Day Four: Travel by Boat…again!
We got up at the break of dawn and set out for our final destination: Cocha Cashu Biological Research Station. We ate our breakfast of eggs and rice, packed up our tents, and were on the boat once more. This time around on the boat, we were to take a wildlife survey for the whole ride. Over the course of the eight or nine hours we spent on that ride, I learned how to identify a large number of bird species, even from a distance. Horned Screamers, Yellow-billed Terns, Large-billed Terns, Roadside Hawks, Black Vultures, Greater Yellow-headed Vultures, Turkey Vultures, Muscovy Ducks, four kinds of parrot, five kinds of macaw, Orinoco Geese, and many more. That was my absolute favorite part of this section of the trip: learning that I had a knack for bird identification. I can see myself getting into bird-watching later in life.
Along the way, we also got to spot a White Caiman, Wooly Monkeys, and Spider Monkeys. It was a beautiful day. You hardly notice that you’ve been sitting for nine hours on those boats. There’s so much to look at, and you’re acutely aware that you could spot something amazing at any given moment.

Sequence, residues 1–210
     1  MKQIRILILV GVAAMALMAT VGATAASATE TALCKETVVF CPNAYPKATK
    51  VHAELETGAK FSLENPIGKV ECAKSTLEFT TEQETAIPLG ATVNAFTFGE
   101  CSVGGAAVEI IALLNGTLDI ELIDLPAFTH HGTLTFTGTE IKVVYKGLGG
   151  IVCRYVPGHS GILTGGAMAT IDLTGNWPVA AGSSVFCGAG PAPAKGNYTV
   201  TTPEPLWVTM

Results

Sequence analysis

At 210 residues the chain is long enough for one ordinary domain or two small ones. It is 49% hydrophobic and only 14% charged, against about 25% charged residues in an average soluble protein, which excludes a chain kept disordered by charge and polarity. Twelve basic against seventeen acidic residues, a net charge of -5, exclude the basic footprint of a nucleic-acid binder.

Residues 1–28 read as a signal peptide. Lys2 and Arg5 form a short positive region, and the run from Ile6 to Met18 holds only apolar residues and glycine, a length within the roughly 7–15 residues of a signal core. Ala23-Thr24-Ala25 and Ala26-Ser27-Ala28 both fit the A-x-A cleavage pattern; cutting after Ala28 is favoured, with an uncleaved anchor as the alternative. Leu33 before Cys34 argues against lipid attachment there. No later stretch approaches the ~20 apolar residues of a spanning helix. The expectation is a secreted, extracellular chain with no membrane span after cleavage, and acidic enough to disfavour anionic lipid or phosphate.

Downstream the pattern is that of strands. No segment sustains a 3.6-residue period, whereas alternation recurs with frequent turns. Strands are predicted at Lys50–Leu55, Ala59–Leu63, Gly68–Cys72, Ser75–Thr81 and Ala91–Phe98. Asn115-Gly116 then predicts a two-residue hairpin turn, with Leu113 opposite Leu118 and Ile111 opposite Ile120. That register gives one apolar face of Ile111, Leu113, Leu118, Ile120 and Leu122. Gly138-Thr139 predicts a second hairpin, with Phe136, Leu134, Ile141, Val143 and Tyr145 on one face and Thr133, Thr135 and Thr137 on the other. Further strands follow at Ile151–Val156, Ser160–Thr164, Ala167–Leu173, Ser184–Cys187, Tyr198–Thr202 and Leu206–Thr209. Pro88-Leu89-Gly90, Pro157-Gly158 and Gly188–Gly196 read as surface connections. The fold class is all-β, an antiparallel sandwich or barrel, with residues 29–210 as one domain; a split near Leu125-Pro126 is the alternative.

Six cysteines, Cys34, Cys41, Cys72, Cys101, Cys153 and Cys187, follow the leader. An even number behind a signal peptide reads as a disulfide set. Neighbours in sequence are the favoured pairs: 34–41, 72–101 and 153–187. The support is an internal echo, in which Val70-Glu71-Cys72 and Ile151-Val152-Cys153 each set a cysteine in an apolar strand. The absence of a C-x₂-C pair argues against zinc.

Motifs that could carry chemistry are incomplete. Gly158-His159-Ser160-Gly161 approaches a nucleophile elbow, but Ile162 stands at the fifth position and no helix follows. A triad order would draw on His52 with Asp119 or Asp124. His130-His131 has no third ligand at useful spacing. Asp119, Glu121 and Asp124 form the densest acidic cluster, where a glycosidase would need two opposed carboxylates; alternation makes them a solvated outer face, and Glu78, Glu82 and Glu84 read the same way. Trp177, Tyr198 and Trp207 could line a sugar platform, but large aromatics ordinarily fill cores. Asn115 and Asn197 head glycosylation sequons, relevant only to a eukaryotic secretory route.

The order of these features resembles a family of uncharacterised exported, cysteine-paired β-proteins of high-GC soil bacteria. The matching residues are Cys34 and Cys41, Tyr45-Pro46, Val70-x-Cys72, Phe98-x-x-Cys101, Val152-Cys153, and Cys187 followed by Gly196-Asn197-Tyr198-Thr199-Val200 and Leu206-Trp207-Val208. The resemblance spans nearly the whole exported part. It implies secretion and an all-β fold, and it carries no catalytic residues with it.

In the early evening, we made it to Cocha Cashu. We had to hike our things about half a kilometer from the beach to the station. It’s a beautiful area — the
kitchen is spacious and clean, the bathhouse has plenty of room
for storage, the showers are clean and modern, and the library makes for a nice quiet area. After everything was brought in, we were assigned to tent platforms. K
ellen, Haley and I set up our stuff on our platform quickly and made it back to the common area with time to spare. The light was amazing — you would look up through the trees and see shimmering leaves, puffy clouds, and a Squirrel Monkey or two. The lake was calm and quiet.
We all went on a short hike to get introduced to the vegetation surrounding the station. We talked about plant species and the history of the land. The floodplains used to be under water a little over 100 years ago, but once the river broke off and formed the lake, the floodplains burst to life with tons of interesting species. We talked for hours about the plants’ adaptations to the environment. Tim, the other professor, caught a couple butterflies and let us look at them closely. The hike was an adventure in and of itself.
That night, we were welcomed by a few researchers at the station. They told us that we were incredibly privileged to be there — a statement that I know understand the weight of. In the 40 years that Cocha Cashu has existed, fewer than 5,000 people have been there. It is truly one of the most remote and untouched places on the planet.
We went to bed feeling blessed…and acutely aware of how isolated we all were.